Curriculum vitae design


This post is aimed directly at creating a CV for a designer. If you are not a designer, this post maybe is not for you.

The point of a CV is to get all your personal information across, while also incorporating you skill, work experience and personality. Graphic designers and artists have an edge over other job seekers since we can make our CV’s visually pleasing and more like an info graphic rather than dull and just text based. I think it’s actually expected from us, since the design we use also reflects our skill as a designer.


First of… what does a good CV need?
1.) Contact details
2.) Short summary
3.) Employment history
4.) Education
5.) Skills (also includes language skills)
6.) Your personality

In this day and age employers don’t really want to read essays about your life so it’s best to keep everything short and to the point. That’s why a graphical approach is a nice way to say a lot with very little. Remember, a CV needs to get you the interview and the interview then gets you the job. So don’t overexaggerate the CV with too much information.

What you also need to consider is that your CV needs a neat and tidy layout so everything is clear and visible at first glance. The worst thing you can do is clutter up everything so the potential employer can’t find the information he/she needs. Also, if the graphics look good but don’t really convey what they are supposed to represent, they’re pointless.Also keep in mind that a lot of the more creativ CV designs use some sort of messuring format for skills. That’s a bad idea if you ask me. Your 100% may not be the same 100% the potencial employer is looking for. My advice is to omit any type of skill grading. If an employer wishes to know how skilled you are at something he will call you in for an interview and ask.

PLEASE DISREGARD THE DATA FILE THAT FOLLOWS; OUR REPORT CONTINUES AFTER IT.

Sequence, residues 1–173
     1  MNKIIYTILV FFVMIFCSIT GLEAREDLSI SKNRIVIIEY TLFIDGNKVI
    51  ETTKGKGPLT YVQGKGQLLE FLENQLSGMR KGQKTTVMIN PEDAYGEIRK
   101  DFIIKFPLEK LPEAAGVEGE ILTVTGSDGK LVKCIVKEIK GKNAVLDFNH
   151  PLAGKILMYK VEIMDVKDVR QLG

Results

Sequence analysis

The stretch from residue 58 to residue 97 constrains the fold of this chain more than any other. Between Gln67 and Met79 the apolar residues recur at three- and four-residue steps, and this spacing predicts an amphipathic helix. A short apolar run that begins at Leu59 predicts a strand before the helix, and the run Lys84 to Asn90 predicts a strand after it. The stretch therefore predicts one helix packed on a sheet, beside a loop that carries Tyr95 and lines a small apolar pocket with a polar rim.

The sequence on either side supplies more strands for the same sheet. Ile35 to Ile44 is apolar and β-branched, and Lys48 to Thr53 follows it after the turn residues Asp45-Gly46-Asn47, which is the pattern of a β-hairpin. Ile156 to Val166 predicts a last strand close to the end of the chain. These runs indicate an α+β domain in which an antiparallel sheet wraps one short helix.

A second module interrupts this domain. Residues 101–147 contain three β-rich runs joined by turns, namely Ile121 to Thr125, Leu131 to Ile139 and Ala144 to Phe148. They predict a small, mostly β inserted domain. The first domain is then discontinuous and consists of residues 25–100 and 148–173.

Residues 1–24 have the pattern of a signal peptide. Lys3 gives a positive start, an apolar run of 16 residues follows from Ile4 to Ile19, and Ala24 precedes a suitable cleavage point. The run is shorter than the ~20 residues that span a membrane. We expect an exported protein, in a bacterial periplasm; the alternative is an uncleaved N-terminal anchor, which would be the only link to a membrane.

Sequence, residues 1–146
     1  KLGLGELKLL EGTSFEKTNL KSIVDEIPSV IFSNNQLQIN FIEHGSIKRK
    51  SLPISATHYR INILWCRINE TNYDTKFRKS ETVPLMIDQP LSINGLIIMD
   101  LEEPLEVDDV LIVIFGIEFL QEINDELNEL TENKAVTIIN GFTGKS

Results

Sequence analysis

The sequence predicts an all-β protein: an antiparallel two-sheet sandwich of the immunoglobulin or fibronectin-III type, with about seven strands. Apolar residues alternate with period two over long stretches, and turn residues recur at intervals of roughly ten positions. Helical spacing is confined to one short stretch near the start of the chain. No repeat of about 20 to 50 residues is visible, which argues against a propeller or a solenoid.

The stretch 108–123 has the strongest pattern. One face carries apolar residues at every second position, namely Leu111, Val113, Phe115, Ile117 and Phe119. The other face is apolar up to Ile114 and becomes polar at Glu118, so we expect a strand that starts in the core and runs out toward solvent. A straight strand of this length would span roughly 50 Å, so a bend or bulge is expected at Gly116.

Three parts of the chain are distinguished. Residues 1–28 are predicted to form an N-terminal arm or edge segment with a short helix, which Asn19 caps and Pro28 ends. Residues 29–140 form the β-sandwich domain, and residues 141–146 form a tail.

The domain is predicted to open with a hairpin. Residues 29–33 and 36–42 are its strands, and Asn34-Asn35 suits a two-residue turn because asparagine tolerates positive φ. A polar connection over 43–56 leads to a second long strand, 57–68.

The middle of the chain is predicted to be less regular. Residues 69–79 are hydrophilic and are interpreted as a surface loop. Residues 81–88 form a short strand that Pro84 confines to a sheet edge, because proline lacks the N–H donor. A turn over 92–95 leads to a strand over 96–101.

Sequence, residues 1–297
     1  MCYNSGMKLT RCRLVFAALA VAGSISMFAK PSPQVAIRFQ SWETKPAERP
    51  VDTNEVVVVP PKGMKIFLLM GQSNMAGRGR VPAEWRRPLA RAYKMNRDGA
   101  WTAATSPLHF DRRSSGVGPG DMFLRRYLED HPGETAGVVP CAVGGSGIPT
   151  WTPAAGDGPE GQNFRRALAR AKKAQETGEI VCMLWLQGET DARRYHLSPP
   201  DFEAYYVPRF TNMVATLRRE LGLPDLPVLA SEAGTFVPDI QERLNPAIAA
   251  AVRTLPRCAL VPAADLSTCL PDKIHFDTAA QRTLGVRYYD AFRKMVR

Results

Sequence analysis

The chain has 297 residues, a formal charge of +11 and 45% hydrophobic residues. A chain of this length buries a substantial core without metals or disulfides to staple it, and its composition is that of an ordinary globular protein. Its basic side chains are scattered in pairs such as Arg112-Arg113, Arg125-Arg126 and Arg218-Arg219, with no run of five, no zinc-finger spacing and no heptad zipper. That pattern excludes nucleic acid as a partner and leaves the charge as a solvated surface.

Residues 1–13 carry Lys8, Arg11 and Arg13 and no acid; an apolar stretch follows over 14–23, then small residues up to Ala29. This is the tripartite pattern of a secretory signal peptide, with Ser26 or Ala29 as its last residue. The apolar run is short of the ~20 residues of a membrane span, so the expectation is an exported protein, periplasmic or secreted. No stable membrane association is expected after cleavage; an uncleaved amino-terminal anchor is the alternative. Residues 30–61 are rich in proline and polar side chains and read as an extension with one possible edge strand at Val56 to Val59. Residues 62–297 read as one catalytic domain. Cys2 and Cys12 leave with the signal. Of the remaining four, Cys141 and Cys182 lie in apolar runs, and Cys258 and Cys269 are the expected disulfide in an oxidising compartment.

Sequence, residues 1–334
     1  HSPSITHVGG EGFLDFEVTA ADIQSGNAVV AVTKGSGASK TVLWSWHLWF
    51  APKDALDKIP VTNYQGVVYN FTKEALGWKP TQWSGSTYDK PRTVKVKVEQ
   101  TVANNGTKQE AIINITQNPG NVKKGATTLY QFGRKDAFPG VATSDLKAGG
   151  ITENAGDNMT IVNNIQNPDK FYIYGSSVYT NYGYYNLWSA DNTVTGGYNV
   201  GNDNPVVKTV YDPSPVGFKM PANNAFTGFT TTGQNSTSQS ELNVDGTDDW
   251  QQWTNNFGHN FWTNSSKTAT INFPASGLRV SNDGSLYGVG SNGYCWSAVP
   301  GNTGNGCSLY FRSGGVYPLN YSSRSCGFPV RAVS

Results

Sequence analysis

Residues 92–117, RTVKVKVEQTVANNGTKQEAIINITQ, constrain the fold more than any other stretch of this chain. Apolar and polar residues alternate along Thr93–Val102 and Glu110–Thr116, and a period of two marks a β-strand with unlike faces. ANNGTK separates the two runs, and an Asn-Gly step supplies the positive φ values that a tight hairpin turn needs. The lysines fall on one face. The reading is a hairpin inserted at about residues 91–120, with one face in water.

Use standard sans-serif fonts and avoid using italic fonts if possible. There’s nothing wrong with using non-standard fonts, we are designers after all, but be careful to use a font that’s readable at first glance. Avoid filler words and information. There’s nothing employers hate more than words like “synergy” or “go-getter” because they make you sound pretentious.

The format you use is dependent on how you want to use the CV. It’s vital to have at least one printable version but if you want use you CV on a website it can take all sorts of forms. I’ve even seen online CVs that utilize flash animation. Just keep in mind that no employer is going to go searching for your CV on the internet so a printable version is mandatory and any other form is just icing on the cake.

Some articles online suggest you omit your interests and hobbies. I tend to disagree, especially if you are applying for a job in a creative environment. If you state your hobbies and interests it reflects your personality (also creative personality). People like to employ job seekers they have something in common with if possible because that makes for a better working environment. Just don’t go overboard with it.

There isn’t really much more I can say here except to show off some good CV ideas to maybe inspire you.

Just as an example. Here is my CV :).

Viktor Höchtl CV

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